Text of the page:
This study demonstrates that each person’s mouth harbors a unique community of bacterial species, but that these communities tend to be more similar when classified at the level of genus. Ecological tools initially developed for larger organisms, such as co-occurrence analysis, will greatly facilitate the analysis of complex bacterial communities such as those found in the human body, and will enhance our understanding of the role of the microbiota in health and disease.
A. Number of observed species (Sobs) was plotted as a function of the number of clones that were sequenced in the combined dataset of 11 368 clones, sorted by library (first individual pools #1 through 10, followed by the subgingival pool). The number of observed species (Operational Taxonomic Units, OTUs) was calculated using DOTUR and mothur, using different cutoffs (99%, 98%, 97%, 95%, and 90%, respectively). The total number of Sobs was 228 using the 99% cutoff, 172 (98%), 144 (97%), 114 (95%), and 69 (90%), respectively. Data were grouped per library, showing that the addition of each library causes a new increase (“bump”) in the number observed OTUs, except at the 99% cutoff threshold*, which shows the data in randomized order. In addition, the Chao1 estimator (estimating the total bacterial diversity) is plotted, with the grey bars showing the standard deviation. B. Rarefaction curves (1000x randomized) for each of the 10 individual clone libraries, as well as the subgingival pool, calculated using mothur and a 99% OTU cutoff. The first 1100 clones of the combined dataset (“total”) are also shown.
Number of OTUs was calculated by DOTUR on the combined dataset presented in this study in steps of 0.001. The calculated number of OTUs was 228 at 0.01 (1%) distance, with 5804 unique sequences (genetic distance 0).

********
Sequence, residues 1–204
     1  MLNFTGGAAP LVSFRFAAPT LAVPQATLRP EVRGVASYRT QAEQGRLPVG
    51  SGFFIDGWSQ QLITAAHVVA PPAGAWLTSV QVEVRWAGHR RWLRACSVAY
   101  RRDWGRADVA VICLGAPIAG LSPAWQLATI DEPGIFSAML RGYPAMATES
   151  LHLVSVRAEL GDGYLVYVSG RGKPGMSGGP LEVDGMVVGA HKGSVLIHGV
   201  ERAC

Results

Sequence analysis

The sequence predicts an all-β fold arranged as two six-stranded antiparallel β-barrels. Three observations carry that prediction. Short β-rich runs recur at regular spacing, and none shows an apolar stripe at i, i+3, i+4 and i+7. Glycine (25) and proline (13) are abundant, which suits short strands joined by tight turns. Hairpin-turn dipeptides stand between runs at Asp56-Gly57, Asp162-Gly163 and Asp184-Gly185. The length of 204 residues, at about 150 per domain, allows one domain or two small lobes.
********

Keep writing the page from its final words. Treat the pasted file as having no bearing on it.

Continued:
Genus abundance is plotted against genus rank, for the combined dataset, as well as for each of the individual oral pools (subjects 1 to 10). In all plots, genera are sorted according to their rank (most abundant first) in the combined dataset.
For each of the 247 OTUs (in rows), the taxonomic assignment is given, as well as the numbers of clones in each of the 10 individual pool 16S rRNA gene clone libraries (labeled 1 through 10), and in the subgingival pool clone library (S).
Using a cut-off of 99% sequence identity to published sequences longer than 1000 nucleotides, a total of 24 novel OTUs was found in this study. This table lists the clone number of the sequence that was used as a representative, its assigned accession number, the closest published relative and percentage homology, as well as the number of clones in each of the 11 rRNA gene clone libraries in this study.
We thank Karla Lightfield for technical assistance, and Katie Shelef for help with pooling and extracting the oral specimens. This work was funded by NIH R01-DE014868 (CFL), NIH R01-DE13541 (DAR), and NIH Pioneer Award DP1-OD000964 (DAR). DAR is supported by the Thomas C. and Joan M. Merigan Endowment at Stanford University.